When talking about web accessibility, many people will reference the Americans with Disabilities Act (ADA) as the law that requires websites to be made accessible. This isn’t an entirely accurate description, however. In actuality, there is no single web accessibility law or statute. Instead, the legal requirements of web accessibility stem from a patchwork of laws and court decisions, which can often lead to confusion when trying to enforce web accessibility standards–especially in higher education. Let’s try to demystify some of this confusion and go through the major laws that dictate web accessibility. Rehabilitation Act of 1973, Section 504 While
The September Online Learning Webinar had presenters from Student Services, the Registrar’s Office, the Writing Place, and the University Library. Students may have questions or issues that impact their learning experience, but are beyond the ability of faculty to address. Each presenter explained how the resources in their area can help students and allow faculty to focus on teaching. Sean Kavanaugh, NU SPS Director of Academic and Career Management, presented on the student experience outside the classroom, the adviser’s role at SPS, and the work of Student Services at SPS and the larger university. Ashley Cook, NU SPS Registration Lead,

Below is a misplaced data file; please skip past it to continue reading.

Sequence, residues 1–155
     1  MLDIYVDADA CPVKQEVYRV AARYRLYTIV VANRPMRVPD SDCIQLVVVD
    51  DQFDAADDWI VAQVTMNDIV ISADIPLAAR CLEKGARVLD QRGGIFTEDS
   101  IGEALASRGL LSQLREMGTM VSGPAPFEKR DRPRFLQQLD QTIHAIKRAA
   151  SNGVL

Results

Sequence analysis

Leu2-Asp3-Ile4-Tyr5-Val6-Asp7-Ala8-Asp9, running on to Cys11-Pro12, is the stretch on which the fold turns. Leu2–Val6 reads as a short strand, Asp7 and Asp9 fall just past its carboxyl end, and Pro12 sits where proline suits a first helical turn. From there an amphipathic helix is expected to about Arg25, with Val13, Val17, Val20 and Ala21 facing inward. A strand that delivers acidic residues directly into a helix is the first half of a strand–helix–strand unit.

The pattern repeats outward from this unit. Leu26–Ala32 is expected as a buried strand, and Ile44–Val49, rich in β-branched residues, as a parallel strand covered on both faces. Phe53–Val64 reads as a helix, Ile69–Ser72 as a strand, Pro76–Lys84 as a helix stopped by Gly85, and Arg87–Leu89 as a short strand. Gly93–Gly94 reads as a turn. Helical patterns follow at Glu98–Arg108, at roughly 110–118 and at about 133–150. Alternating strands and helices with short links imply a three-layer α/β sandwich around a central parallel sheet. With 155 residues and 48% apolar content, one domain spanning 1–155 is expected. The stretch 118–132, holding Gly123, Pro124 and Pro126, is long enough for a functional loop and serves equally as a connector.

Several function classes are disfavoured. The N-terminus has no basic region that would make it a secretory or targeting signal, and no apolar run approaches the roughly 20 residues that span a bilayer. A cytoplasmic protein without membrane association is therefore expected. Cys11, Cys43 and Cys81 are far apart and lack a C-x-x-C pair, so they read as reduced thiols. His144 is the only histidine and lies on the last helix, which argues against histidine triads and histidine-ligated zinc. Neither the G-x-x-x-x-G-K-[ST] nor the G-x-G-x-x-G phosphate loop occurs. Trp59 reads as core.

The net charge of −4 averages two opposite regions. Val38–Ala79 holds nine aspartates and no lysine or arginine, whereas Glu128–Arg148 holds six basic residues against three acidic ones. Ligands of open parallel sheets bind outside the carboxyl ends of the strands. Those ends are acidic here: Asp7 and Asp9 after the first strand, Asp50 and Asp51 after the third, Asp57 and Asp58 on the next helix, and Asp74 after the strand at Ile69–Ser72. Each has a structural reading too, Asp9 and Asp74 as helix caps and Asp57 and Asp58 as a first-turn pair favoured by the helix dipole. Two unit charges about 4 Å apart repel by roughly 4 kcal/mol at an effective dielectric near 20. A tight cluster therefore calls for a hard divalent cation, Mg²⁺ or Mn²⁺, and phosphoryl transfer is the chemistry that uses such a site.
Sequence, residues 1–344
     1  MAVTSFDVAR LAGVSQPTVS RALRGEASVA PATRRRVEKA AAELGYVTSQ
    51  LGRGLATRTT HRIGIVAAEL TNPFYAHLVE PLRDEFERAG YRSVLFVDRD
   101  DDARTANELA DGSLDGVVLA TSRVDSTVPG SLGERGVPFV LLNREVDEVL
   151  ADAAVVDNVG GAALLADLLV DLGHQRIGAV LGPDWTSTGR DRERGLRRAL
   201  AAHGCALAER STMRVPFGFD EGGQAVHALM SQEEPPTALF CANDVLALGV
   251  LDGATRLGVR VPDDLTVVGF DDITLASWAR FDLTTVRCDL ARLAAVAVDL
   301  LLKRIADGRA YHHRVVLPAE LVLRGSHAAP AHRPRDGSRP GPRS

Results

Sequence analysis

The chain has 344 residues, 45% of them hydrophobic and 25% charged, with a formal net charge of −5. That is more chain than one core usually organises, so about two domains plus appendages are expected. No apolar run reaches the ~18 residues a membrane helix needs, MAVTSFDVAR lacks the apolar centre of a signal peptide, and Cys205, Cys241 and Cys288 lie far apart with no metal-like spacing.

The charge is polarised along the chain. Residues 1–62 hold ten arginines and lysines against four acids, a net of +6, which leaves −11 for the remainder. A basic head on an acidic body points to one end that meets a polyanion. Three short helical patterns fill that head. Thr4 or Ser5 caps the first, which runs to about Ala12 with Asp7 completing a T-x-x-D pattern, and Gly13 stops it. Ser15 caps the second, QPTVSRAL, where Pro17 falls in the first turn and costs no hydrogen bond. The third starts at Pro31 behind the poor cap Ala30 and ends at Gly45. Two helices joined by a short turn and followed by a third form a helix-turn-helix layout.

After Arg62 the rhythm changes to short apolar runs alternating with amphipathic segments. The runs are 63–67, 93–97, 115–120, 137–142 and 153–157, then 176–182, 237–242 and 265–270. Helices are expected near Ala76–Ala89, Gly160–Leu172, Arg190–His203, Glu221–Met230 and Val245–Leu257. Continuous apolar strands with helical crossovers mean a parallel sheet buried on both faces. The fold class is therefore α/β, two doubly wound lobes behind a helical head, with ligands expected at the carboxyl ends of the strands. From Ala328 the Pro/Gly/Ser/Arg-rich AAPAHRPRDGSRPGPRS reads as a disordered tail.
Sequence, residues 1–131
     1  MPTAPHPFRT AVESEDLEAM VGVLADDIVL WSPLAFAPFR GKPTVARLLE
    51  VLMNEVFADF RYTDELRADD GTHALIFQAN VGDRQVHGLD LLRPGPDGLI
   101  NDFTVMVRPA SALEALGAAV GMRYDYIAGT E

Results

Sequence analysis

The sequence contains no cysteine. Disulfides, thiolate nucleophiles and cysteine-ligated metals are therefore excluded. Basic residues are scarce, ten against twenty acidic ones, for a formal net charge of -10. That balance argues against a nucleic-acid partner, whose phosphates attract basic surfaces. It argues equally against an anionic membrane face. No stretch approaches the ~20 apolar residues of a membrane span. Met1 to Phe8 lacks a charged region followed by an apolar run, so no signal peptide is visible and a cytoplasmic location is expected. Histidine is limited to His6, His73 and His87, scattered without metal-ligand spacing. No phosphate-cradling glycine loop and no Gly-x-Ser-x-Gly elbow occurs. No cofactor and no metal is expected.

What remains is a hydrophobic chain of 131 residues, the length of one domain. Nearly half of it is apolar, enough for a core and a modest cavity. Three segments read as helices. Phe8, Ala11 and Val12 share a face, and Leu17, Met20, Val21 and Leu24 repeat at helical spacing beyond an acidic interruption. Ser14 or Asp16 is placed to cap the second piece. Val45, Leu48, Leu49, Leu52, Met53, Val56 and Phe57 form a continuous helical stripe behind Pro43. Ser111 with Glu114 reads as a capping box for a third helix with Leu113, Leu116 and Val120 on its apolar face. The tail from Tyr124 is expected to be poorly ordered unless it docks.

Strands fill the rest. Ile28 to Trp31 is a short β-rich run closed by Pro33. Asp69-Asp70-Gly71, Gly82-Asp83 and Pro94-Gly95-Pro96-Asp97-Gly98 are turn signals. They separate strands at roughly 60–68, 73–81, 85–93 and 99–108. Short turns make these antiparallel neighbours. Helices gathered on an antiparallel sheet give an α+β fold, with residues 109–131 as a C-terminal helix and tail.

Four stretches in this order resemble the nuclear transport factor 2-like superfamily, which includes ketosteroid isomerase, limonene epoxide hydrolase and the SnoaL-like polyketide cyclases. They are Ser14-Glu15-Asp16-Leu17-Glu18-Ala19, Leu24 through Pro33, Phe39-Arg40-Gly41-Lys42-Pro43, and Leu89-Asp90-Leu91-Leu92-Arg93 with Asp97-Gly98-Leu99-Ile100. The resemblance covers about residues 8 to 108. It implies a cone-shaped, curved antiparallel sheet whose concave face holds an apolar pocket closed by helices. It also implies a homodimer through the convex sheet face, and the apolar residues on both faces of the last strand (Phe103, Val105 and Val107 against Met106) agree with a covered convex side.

Last month, I had the privilege of attending the national conference of the Association of Higher Education And Disability (AHEAD). The three-day conference was a time for staff, faculty, and students who work in disability services and accessibility to meet and share their knowledge, experiences, and stories. I had the opportunity to present on the Distance Learning department’s efforts on web accessibility and share our processes and guidelines with other institutions. I also attended numerous sessions and learned a great deal about accessibility, disability services, and disability culture. Here are five of the many, many takeaways I brought back from
In the August Online Learning Webinar, IDS faculty David Noffs and SPS learning designer Jessica Mansbach discussed their collaboration in the development and launch of IDS 425: Learning Environment Design. They provided an overview of the design and development process for an online course and discussed highlights of their collaboration as well as challenges they faced. To watch the recording, visit Blue Jeans. You can also visit the Showcase page.
Recently, Instructional Technologist William Guth has written about Web 2.0 Selection Criteria, which help online learning faculty and staff select the best web tools for their course. One of those criteria is making sure that the tool is accessible. But how can you find out? Given the vast variety of tools available, it’s a tough question to answer. But there are a few things you can do to make sure that a web tool has some degree of accessibility for students. What does accessibility mean? In this instance, accessibility means making sure that a tool can be accessed and interacted